NASCAR Puts Comcast in the Driver’s Seat

Comcast’s (NYSE:CMCSA) Xfinity brand is in the driver’s seat just a few week’s into its inaugural campaign as title sponsor for NASCAR’s second-tier circuit. Terms of the ten-year deal have not been made public, but both sides are banking on Comcast’s technology to create a new paradigm for completing the loop with racing fans and drafting new aficionados in a bid to reach Victory Lane.

“We are excited about the growth potential of NASCAR, the fanbase and viewership," said  Peter Intermaggio, a senior vice president at Comcast. "Technology is a really important part of the NASCAR story today.”

Comcast provides access that many viewers will use to watch live and archived races on TV and online. It is also building apps for the Xfinity platform that can bring a second-screen experience and stats to the TV or other primary screen and it offers on-demand races anytime. Then its NBC network will broadcast the second half of the NASCAR season.

That last point is key. Consider the typical consumer products or services company, even title sponsors such as Xfinity’s forerunner Nationwide Mutual Insurance Co., generally rely on others to make mentions and impressions along with prominent TV and trackside signage.

One sports marketing executive familiar with these types of deals, but who didn’t want to be named, said, “It’s rare that a broadcaster has a consumer products platform it needs to market. Given the rights fee they are paying for TV, I’m guessing NASCAR gave them a favorable deal.”

NASCAR Chief Operating Officer Brent Dewar would not confirm that Comcast had the high bid for the title rights but did disclose. “We had a number of candidates in their (bid) range. What we liked about Xfinity was its ability to market the sport and the technology. We’re a racing and entertainment business.”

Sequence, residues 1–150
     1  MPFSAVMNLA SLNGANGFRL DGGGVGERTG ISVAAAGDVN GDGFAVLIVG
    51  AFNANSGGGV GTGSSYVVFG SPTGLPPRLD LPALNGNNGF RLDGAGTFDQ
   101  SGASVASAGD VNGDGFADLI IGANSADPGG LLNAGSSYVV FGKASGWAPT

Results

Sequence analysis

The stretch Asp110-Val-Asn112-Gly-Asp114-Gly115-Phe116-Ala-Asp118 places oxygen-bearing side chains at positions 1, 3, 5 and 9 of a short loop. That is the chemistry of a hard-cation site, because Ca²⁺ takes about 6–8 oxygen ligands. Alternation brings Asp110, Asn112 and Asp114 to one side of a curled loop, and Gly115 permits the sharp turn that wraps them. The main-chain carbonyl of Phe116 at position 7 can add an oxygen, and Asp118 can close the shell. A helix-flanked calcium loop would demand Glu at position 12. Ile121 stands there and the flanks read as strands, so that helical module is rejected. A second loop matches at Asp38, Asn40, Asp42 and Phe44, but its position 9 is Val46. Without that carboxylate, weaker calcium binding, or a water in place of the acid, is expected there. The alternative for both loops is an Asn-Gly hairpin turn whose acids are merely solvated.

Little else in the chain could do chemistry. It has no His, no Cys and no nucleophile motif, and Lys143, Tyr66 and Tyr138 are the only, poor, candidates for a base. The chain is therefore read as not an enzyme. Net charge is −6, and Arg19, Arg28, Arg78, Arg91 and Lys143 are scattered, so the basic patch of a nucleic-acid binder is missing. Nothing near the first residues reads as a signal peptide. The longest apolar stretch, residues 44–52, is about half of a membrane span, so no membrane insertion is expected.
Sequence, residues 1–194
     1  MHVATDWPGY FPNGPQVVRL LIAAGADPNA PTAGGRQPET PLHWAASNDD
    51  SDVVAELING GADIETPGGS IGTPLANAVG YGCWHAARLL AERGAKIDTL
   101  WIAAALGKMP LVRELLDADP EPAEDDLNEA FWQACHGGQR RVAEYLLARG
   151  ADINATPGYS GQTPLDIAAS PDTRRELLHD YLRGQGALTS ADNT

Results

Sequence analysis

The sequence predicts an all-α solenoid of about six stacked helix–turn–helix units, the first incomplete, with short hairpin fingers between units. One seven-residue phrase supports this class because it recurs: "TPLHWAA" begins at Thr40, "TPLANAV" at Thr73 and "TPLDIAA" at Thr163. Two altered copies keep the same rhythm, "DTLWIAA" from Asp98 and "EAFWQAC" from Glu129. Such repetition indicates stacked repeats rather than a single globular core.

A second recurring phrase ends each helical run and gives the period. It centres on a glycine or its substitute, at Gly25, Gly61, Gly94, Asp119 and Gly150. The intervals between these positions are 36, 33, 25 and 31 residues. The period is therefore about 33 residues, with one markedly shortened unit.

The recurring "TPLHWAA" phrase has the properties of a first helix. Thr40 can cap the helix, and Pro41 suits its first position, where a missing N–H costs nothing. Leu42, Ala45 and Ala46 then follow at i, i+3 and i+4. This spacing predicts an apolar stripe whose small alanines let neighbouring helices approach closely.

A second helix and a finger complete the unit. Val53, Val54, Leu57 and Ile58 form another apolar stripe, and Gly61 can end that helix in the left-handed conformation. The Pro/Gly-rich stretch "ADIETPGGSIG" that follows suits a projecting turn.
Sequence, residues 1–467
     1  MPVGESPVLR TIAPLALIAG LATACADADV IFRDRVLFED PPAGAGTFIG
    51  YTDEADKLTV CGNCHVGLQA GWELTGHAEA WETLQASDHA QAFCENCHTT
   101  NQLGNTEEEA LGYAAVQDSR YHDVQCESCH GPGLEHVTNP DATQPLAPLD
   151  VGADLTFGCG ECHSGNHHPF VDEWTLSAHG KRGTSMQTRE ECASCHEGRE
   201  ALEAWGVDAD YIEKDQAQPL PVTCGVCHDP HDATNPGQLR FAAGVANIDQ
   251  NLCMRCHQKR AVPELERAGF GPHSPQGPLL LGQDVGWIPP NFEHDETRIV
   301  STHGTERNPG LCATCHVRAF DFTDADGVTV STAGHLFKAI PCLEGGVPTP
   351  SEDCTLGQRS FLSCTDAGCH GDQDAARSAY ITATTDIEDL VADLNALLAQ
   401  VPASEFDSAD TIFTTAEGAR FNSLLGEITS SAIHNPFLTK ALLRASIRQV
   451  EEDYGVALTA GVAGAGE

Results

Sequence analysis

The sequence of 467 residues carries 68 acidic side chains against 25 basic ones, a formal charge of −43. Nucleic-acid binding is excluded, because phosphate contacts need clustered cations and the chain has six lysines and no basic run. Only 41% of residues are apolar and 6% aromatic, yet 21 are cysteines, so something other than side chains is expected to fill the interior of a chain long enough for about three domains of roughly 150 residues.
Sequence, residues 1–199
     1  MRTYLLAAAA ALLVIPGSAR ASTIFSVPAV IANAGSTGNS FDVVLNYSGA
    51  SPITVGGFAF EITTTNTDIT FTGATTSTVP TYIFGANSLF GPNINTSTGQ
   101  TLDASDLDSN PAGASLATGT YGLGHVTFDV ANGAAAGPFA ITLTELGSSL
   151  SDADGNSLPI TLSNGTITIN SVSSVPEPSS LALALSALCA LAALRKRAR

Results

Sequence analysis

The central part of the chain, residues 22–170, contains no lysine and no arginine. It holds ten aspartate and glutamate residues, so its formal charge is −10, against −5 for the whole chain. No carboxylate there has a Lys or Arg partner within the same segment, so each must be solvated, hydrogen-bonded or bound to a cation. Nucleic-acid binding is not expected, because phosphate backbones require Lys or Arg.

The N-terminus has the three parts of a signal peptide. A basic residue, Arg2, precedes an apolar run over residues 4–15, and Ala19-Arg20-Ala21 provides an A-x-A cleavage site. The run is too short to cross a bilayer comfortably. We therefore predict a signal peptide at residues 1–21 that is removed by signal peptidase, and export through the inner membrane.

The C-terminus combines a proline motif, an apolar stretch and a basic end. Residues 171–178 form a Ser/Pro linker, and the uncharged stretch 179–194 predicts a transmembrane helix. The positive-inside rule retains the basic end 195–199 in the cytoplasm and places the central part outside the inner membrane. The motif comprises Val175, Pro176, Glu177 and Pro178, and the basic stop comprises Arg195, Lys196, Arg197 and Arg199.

Dewar added, “Sports today is about engagement; the deeper the levels of engagement, the better,” which can also be aided by traditional mediums he said. “Broadcast has always been important—we’ve got a new 10-year agreement with Fox and NBC allowing them to tell those story lines. Xfinity can go even further with multi-platform video aspects.” Fox is a unit of 21st Century Fox the parent company of

This type of sponsorship deal is unusual and it’s unclear if the arrangement will be more successful for Comcast or NASCAR than if the title sponsorship had been awarded to another Fortune 100 firm that doesn’t own media broadcast and distribution arms.

“The vertically integrated model for a broadcaster might work better than the disintegrated approach, but this is relatively new and I haven’t seen any other research on this to know if it works on a regular basis,” says Professor Craig Depken, who teaches sports economics in NASCAR country at UNC Charlotte’s Belk College of Business.

Depken says there are too many sponsorships being sold in all sports, diluting the value of the primary sponsorship. Plus, Nationwide sponsored the series for seven years, and it can be tough to convert fans to new names.

Comcast’s Intermaggio says his company is “pleased” with awareness so far and wants to engage both loyal and new fans. “We’re excited about what NASCAR is doing with building a new audience, targeting Hispanics and Millennials; we’re focused on that, too.”

The ratings have not yet followed Xfinity’s lead. Early numbers are off the pace from the same period a year ago, but as the TV audience becomes increasingly fragmented, NASCAR, like most sports outside of the NFL, is looking at cumulative audience numbers across different platforms.

That’s something NASCAR’s Dewar says made Xfinity a good partner, one that can perhaps drive audience numbers higher and convert casual viewers to core fans: “We look at total consumption, we track digital sites, social media and broadcasts and try to look at the 360 degree view plus attendance at tracks. On any given weekend, we’re the number one or two sport throughout the year.”

Comcast is also the primary sponsor in four races this season for a car fielded by Joe Gibbs Racing on the top-level Sprint (NYSE:S) circuit. Intermaggio says not to read too much into that, or the fact that Sprint has announced it will not renew its title rights after next season. He declined to comment on potentially bidding to take over Sprint’s role on the senior circuit.

Instead he offered. “While there’s a great past in NASCAR, the future is really where we’re headed.”